Each year, 20 million hectares of land are rendered unusable by erosion (see Planetoscope  for global statistics in real time: www.planetoscope.com ).  Given that the formation of a centimeter of soil can take thousands of years, the process of erosion – when considered on a human scale - can be seen as almost irreversible.

Bare soil is very sensitive to the vagaries of nature. From the perspective of the earth, raindrops are like cannonballs crashing into your garden.  When a single raindrop falls at full speed, one of two things happen: either it hits a leaf, twig or other garden waste and is dissipated, flowing gently to the ground; or it smashes directly onto the earth. If it hits the ground directly, it can do a lot of damage to both the structure and fertility of your soil.

Healthy soil is not uniform.  Rather, it is composed of aggregates – conglomerations of soil particles of varying sizes held together with plenty of space for air and water between them.  When a water droplet crashes into an aggregate, the small particles are separated from each other and spread around – a phenomenon called the "Splash" effect.  This can result in areas of mucky ​smearing or, more commonly, the formation of a hard, impermeable crust. Additionally, if your field or garden is on a grade, the loose particles will then be washed away, eroding the fertile top layer of your soil.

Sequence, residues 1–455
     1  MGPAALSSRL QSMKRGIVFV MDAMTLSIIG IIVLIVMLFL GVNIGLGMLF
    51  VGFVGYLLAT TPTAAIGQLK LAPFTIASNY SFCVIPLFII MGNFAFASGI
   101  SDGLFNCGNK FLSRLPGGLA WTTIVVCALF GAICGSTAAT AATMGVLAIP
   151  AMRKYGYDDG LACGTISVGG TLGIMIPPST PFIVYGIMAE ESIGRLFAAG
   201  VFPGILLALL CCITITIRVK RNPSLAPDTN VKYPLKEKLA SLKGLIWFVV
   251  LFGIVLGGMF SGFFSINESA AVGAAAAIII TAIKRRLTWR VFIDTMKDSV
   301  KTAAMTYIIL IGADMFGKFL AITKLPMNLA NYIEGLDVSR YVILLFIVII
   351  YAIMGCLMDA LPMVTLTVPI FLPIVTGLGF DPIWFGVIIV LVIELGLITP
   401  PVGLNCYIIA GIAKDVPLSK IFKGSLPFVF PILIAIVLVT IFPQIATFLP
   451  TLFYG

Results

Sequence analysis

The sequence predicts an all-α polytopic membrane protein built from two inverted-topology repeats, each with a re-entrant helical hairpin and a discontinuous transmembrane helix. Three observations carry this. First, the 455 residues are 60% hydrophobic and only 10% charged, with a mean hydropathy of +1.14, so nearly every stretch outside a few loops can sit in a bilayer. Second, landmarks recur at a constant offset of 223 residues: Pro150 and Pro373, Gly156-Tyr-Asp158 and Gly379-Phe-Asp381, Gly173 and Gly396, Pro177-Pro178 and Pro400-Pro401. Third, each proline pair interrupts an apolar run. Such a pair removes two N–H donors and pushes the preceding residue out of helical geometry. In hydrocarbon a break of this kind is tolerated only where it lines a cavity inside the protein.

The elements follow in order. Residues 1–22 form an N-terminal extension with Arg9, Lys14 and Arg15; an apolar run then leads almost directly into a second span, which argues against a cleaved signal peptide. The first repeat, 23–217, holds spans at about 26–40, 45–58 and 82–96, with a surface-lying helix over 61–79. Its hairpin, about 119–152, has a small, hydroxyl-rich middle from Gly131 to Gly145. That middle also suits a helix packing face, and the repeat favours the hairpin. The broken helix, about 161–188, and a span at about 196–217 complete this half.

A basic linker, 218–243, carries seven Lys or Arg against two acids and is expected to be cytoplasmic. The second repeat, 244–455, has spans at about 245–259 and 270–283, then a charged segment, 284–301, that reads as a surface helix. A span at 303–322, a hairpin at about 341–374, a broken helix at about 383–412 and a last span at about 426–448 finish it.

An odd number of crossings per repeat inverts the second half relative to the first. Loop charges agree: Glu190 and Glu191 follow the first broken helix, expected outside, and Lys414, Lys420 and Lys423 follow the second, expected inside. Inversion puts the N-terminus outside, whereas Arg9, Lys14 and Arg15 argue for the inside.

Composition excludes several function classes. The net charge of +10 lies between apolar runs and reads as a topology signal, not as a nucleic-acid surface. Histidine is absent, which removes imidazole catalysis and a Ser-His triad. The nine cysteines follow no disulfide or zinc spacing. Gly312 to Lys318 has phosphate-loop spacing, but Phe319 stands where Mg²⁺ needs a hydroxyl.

So how to avoid this? There are many ways to put natural umbrellas up over your soil:

  • Plant cover crops such as clover, buckwheat or oats in bare areas – especially in preparation for winter
  • Intercrop quick-growing vegetables such as radishes or salad mix around longer-season crops such as tomatoes or peppers
  • Use permaculture principles to establish perennial ground covers
  • Apply mulch year-round
  • Knock down dead plant residue but don’t remove it from the garden in the fall – even dead stalks laying on the garden will help decrease erosion and the impact of hard rains